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The Sustainable Garden

Here are five tips for those who care about the environment and would like to develop their gardens with sustainability in mind.

1. Compost: Instead of throwing away food scraps and plant trimmings and buying plastic bags filled with compost, make your own. There are a number of methods, the simplest of which is to bury kitchen scraps, leaves, and trimmings from healthy plants in the garden and let the process occur naturally. You can also use a compost bin or tumbler, a worm composting system, or a bokashi composting system to speed up the process. Don’t add meat, dairy products, or oils to any system except bokashi. Burying grain products or using them in regular compost bins or tumblers is also not recommended, as they can attract pests.

2. Support wildlife: A sustainable garden is appealing to birds, bees, and other beneficial creatures. Grow a variety of native herbs, flowers, shrubs, and fruit trees. Add bee houses, bird baths, and other features. Grow flowers that bloom at different times throughout the year so that there is a constant supply of food for your wild visitors. Let weeds grow in one small area of your garden to nourish the endangered bees that pollinate your plants.

3. Use natural pest control: Instead of spraying toxic chemicals that kill everything indiscriminately, you can purchase beneficial insects such as ladybugs (which eat aphids), engage in companion planting strategies, keep plants healthy so that they’ll be less susceptible to attack, and remove pests by picking them off by hand or blasting them off with a hose.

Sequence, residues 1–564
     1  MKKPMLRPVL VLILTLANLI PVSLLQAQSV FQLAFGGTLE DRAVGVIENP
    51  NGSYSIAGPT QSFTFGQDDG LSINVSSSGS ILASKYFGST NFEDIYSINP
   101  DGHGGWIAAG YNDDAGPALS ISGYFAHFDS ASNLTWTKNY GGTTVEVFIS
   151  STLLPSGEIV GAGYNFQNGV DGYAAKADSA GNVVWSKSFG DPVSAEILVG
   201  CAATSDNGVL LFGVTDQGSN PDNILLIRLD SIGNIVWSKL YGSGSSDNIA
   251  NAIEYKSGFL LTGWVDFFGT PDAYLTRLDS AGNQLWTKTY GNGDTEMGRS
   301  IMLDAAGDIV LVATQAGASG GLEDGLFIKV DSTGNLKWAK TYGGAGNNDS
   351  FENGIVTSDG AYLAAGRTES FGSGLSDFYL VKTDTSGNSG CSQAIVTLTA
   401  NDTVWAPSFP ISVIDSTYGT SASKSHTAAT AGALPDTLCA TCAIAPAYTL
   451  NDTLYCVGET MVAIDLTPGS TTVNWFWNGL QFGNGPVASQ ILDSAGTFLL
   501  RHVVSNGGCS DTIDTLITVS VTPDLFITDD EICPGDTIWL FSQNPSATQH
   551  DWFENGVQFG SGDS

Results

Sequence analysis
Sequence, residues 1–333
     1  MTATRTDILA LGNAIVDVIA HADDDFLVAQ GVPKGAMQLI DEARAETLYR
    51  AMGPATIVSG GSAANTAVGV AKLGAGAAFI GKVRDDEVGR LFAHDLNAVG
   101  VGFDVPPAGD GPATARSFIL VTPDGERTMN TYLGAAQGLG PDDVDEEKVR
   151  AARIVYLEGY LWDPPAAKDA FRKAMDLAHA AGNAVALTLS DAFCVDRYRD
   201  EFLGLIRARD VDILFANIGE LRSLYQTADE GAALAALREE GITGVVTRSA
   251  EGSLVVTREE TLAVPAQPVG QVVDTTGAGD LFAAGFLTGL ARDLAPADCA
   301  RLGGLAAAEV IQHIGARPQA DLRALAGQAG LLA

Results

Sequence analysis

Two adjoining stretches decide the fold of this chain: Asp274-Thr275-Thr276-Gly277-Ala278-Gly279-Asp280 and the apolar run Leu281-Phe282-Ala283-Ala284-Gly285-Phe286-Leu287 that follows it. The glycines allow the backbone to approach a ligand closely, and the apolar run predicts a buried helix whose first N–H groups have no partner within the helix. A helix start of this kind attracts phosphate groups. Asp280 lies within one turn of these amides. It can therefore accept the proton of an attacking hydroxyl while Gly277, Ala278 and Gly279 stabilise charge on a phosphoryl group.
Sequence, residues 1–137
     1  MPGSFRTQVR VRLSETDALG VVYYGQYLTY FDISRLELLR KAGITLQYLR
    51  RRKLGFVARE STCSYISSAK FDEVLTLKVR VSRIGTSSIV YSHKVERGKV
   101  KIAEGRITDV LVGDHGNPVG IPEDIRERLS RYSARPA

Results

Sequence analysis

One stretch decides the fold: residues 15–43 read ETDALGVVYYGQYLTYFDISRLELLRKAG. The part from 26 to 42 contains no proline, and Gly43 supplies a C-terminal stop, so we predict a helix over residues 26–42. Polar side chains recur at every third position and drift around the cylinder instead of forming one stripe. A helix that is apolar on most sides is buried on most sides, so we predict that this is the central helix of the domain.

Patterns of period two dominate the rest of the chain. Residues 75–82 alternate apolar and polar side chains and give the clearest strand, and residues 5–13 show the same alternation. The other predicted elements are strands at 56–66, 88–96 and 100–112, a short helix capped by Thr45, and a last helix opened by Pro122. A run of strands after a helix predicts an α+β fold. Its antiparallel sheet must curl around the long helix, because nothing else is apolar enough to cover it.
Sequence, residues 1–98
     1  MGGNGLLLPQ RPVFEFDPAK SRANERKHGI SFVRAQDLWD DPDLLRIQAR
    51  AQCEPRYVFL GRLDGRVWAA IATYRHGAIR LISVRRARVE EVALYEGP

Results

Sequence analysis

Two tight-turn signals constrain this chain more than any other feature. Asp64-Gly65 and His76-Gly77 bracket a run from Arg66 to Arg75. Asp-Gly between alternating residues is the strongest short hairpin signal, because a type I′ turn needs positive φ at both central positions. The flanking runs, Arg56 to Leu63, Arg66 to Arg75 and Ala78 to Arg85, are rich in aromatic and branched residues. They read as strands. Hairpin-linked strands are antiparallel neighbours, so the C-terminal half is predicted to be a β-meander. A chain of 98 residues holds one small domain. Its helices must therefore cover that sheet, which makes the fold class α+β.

4. Save water: There are several ways to conserve water in the garden. First, grow plants that are relatively low maintenance in terms of water requirements or, if you do grow some plants that require a lot of moisture, group them together so that only one spot in the garden requires heavy watering. You also can use mulches to retain moisture and stop weed growth (add a couple of inches of untreated wood chips, sawdust, lawn clippings, leaves, hay, shredded bark, or other suitable material on top of the soil). In addition, you can collect rain water in water barrels and use it to water your plants.

5. Grow food: Our current food system is harmful to the environment and unsustainable in the long run. Home-grown food is not only more sustainable and environmentally friendly, but also far tastier because it’s eaten fresh from the plants rather than sitting around in containers during shipping.

Source:

David Suzuki Foundation, Composting Dos and Don’ts, n.d.

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